Resisting expansion of popular holiday park and reducing traffic are priorities in future vision for Otterton

Reducing traffic and resisting any expansion of Ladram Bay Holiday Park have been highlighted as priorities in a blueprint for the future of Otterton. 

The village’s Neighbourhood Plan aims to ensure it continues to be an outstanding place to live, work and visit and to preserve and enhance its historical significance and built environment.

It also insists that any new development should meet the needs of the local inhabitants first.

The detailed document will help shape developments in Otterton over the next decade and beyond.

Reducing the volume and speed of traffic through the village – and heavy goods vehicles – are also listed as a priority, as well as resisting any future expansion of the Ladram Bay Holiday Park.

The plan states that the holiday park has grown to its maximum size within its permitted boundary and has a detrimental impact on the Jurassic Coast World Heritage Site and the East Devon Area of Outstanding Natural Beauty (AONB).

It is also claimed in the blueprint that the venue has an impact on the village in terms of excess traffic, congestion and the accompanying pollution that cars, delivery vans, lorries and caravans bring.

The plan adds that the access road is totally inadequate to serve such a large site and vehicles coming to and from the site must be properly controlled to prevent congestion.

Support will, however, be given to any proposal which improves the road infrastructure giving access to the site and for walking and cycling, cuts the quantity of holiday units, and reduces the need to travel by car and number of delivery lorries.

The Neighbourhood Plan outlines that there was a 146 per cent increase in vehicles travelling through Otterton on a Saturday in August when compared to one in November.

It states there was a 341 per cent increase on a Tuesday in August when compared to one in November.

By far the biggest issue raised in the traffic part of the questionnaire concerned Ladram Bay and it is the traffic that is generated from this popular site, including the visitors, the trades and the movement of the lodges and mobile homes, that causes huge concern to Otterton residents…

The plan says: “All traffic to Ladram Bay (including movement of the lodges) has to pass through the village, as it is located at the end of a narrow road, which turns into a farm track and footpath.

“This is seen as a very major problem for the village, causing a significant increase in traffic and congestion at times, with many questionnaire respondents highlighting this issue.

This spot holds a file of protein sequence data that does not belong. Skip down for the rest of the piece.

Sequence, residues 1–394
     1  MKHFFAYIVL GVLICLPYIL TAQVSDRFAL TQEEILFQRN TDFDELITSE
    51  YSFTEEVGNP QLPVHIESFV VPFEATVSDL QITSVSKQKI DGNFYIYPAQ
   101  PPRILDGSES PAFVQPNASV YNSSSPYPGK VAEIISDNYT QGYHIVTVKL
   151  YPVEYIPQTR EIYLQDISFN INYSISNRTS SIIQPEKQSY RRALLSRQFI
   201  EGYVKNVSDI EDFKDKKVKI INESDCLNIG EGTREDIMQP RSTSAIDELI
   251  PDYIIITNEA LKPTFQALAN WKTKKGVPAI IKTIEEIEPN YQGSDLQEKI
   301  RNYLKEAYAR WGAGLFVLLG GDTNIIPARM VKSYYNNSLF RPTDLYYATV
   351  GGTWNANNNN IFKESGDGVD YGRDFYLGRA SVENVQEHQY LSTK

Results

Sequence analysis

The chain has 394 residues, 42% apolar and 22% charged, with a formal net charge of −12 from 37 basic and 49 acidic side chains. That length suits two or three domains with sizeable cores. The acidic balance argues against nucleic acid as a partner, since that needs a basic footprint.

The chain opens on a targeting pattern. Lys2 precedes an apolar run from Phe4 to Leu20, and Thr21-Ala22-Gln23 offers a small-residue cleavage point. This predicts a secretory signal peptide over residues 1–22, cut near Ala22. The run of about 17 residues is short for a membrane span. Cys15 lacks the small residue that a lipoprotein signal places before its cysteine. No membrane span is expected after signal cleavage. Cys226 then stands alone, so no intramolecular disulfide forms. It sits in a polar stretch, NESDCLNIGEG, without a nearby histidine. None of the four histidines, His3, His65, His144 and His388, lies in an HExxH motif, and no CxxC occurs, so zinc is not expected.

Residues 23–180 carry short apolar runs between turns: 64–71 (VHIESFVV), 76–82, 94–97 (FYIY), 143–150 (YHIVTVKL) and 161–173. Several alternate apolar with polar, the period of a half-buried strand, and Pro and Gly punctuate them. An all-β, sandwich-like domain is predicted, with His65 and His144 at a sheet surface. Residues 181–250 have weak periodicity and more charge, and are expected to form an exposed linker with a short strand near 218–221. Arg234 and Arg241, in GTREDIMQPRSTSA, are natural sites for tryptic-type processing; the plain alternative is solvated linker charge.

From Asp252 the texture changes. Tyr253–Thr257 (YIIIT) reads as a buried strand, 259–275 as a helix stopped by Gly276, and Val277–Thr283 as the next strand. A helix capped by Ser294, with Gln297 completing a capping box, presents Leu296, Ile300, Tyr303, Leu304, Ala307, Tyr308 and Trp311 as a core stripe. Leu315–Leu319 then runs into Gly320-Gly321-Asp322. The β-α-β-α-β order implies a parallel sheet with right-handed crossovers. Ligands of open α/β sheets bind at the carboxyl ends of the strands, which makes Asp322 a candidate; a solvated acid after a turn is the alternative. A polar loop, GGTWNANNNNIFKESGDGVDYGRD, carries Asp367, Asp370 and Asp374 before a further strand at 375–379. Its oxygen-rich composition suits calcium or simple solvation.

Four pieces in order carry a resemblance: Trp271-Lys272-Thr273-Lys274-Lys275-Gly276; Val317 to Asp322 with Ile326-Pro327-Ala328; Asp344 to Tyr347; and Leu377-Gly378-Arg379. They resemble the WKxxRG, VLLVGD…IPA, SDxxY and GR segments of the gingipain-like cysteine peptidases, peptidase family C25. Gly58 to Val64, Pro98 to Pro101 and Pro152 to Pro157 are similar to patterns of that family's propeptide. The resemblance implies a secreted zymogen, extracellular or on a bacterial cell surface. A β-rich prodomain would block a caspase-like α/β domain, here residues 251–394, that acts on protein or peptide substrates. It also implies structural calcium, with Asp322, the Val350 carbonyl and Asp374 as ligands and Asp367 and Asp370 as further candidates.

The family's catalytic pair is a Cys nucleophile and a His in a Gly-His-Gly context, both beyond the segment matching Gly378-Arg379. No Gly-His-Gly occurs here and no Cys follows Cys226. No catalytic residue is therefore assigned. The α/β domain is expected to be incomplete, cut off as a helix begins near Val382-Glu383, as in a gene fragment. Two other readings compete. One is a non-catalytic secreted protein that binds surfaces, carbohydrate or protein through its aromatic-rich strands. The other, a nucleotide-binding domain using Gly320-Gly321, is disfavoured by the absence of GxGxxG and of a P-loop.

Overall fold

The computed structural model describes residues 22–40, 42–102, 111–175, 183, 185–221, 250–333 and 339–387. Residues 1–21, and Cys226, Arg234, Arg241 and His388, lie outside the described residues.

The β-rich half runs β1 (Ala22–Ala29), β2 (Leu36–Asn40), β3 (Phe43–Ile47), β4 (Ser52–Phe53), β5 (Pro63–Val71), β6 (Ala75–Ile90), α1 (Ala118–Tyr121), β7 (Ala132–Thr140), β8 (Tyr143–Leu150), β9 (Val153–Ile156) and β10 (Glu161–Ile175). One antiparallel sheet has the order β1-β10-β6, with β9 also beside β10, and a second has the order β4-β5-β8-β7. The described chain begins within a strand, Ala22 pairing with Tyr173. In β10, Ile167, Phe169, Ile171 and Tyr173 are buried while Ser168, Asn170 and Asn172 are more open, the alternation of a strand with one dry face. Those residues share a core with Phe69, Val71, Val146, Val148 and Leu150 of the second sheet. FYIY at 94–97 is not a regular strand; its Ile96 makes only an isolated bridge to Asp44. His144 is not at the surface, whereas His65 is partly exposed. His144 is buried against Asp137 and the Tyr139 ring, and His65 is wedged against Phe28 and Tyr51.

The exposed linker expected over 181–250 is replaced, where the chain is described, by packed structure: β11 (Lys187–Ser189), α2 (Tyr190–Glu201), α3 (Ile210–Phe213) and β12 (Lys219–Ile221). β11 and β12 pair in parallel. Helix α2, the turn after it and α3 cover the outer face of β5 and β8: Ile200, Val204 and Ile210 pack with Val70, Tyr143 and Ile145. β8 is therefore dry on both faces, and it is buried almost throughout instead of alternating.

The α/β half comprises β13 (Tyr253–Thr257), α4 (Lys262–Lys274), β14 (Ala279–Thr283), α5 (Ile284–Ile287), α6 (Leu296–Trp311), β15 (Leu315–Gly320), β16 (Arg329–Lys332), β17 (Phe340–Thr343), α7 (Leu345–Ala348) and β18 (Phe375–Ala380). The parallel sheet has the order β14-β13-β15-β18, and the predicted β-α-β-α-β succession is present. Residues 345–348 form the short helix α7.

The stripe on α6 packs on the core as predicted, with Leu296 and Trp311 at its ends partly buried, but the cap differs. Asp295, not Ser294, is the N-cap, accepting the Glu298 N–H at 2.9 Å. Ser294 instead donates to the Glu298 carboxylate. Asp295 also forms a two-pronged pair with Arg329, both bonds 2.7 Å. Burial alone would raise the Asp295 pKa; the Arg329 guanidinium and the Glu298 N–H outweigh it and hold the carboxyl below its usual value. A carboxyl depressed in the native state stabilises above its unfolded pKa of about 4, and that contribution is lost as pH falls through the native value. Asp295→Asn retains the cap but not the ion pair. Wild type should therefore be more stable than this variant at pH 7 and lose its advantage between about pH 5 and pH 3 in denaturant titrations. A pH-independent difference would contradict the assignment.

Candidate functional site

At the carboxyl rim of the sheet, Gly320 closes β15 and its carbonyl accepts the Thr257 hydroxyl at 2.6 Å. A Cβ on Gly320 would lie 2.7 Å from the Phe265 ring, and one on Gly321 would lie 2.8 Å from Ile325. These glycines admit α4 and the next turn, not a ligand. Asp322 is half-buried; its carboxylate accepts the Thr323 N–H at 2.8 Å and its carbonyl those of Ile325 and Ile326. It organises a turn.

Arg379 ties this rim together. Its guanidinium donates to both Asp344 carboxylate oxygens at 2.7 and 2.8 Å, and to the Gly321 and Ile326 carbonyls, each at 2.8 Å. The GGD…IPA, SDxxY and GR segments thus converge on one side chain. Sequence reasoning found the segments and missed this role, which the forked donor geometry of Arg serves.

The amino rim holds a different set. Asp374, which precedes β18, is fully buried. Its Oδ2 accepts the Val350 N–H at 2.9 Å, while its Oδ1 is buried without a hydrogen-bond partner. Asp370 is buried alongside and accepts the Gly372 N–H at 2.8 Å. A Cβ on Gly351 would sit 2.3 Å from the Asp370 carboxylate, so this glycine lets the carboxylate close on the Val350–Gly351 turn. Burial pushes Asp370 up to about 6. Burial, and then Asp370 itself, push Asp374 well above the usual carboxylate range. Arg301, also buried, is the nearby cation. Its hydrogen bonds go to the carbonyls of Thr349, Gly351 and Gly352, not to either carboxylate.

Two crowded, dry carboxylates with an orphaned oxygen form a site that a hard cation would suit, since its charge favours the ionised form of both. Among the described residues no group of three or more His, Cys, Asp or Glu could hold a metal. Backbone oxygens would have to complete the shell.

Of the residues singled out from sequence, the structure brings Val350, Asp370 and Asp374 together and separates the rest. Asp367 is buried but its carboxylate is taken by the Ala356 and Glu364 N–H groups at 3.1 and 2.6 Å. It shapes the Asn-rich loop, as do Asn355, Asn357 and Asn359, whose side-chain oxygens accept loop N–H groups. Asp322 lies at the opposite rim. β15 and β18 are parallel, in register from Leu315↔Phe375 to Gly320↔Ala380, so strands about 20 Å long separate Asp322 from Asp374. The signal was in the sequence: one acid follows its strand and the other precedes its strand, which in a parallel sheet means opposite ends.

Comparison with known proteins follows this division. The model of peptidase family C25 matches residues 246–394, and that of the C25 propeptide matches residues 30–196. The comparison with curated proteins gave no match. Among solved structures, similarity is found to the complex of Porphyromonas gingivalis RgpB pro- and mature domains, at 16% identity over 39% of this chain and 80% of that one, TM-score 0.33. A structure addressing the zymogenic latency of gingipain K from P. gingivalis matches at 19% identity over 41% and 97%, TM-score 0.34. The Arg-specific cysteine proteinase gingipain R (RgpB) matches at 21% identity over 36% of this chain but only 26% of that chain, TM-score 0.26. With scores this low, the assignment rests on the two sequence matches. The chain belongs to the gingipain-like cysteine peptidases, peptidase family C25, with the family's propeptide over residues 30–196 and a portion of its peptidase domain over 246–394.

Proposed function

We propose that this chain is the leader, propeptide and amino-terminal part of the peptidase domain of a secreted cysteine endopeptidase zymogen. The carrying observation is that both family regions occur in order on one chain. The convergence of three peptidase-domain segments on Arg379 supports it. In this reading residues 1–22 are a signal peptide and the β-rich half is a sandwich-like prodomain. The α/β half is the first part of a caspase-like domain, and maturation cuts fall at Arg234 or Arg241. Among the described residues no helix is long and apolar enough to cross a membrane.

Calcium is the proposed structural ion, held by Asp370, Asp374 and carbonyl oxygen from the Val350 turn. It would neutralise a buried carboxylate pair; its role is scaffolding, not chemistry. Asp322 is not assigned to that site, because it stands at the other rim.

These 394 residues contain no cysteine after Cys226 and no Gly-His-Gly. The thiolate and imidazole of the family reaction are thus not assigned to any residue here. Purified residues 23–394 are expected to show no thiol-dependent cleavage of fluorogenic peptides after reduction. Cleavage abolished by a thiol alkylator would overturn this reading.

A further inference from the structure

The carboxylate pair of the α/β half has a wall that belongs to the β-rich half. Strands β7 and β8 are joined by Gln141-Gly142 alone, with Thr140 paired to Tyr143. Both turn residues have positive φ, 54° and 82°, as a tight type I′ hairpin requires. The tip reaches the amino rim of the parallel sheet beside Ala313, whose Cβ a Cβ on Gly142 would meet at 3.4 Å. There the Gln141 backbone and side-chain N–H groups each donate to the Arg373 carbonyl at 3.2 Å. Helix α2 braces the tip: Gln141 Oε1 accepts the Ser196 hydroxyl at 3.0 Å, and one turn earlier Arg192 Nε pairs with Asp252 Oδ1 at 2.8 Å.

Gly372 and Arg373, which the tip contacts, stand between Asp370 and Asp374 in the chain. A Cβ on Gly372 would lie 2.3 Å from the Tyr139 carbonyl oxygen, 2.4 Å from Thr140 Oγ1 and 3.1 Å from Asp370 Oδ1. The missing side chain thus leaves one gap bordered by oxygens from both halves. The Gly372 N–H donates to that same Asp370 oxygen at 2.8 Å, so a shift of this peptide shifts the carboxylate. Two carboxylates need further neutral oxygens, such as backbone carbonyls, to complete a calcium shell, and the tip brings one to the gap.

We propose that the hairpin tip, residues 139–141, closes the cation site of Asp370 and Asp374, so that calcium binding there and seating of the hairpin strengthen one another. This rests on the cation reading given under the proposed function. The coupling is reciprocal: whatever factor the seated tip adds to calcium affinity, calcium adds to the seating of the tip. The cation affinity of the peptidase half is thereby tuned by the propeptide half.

“By far the biggest issue raised in the traffic part of the questionnaire concerned Ladram Bay and it is the traffic that is generated from this popular site, including the visitors, the trades and the movement of the lodges and mobile homes, that causes huge concern to Otterton residents.”

The plan also says of Otterton: “In many places there are no footways for pedestrians to walk safely along the main street.

“On-street parking in the village is a problem, giving rise to traffic jams at busy periods and heavy volumes of traffic, which are a major concern for many parishioners, [and]is exacerbated by the lack of off-street parking along the main street.”

The blueprint calls for the village to be provided with a car park for visitors as a shortage of spaces is also affecting businesses, the community shop and the village hall.

Keeping the children involved and satisfied with their community adds to its vibrancy, so any planning requirements relating to play areas should be viewed favourably…

In terms of new housing, the majority of respondents to a survey about the Neighbourhood Plan either did not want further development, or suggested the North Star site, which already has planning permission for 15 homes.

Policies in the plan say that no development should be allowed to have a detrimental impact on the landscape and character of Otterton village and the parish as a whole by virtue of its location, scale, density and design.

Any necessary future development should support proven local needs first, for those with a local connection to the parish, says the blueprint.

These should be small-scale developments to include affordable housing and properties for downsizing, accompanied by all the necessary improvements to village infrastructure, it adds.

A children’s questionnaire was also distributed to the village and nearly 65 per cent of youngsters wanted a skate park or ramps.

Nearly 90 per cent greatly appreciate their natural environment and said that it is either ‘very important’ or ‘important’ to them to be able to walk along the footpaths by the river, hills and cliffs around Otterton.

“Keeping the children involved and satisfied with their community adds to its vibrancy, so any planning requirements relating to play areas should be viewed favourably,” states the plan.

East Devon District Council’s cabinet last week unanimously noted the formal submission of the Otterton Neighbourhood Plan.

Members congratulated the producers of the blueprint for their dedicated hard work and commitment in producing the document.

The Neighbourhood Plan will now go forward to a formal examination stage to make sure it is ‘sound’.

If an inspector agrees that it is, it will then be subject to a referendum where residents can to vote for or against its adoption.

If at least half of votes cast support the plan, then it can be brought into legal force.

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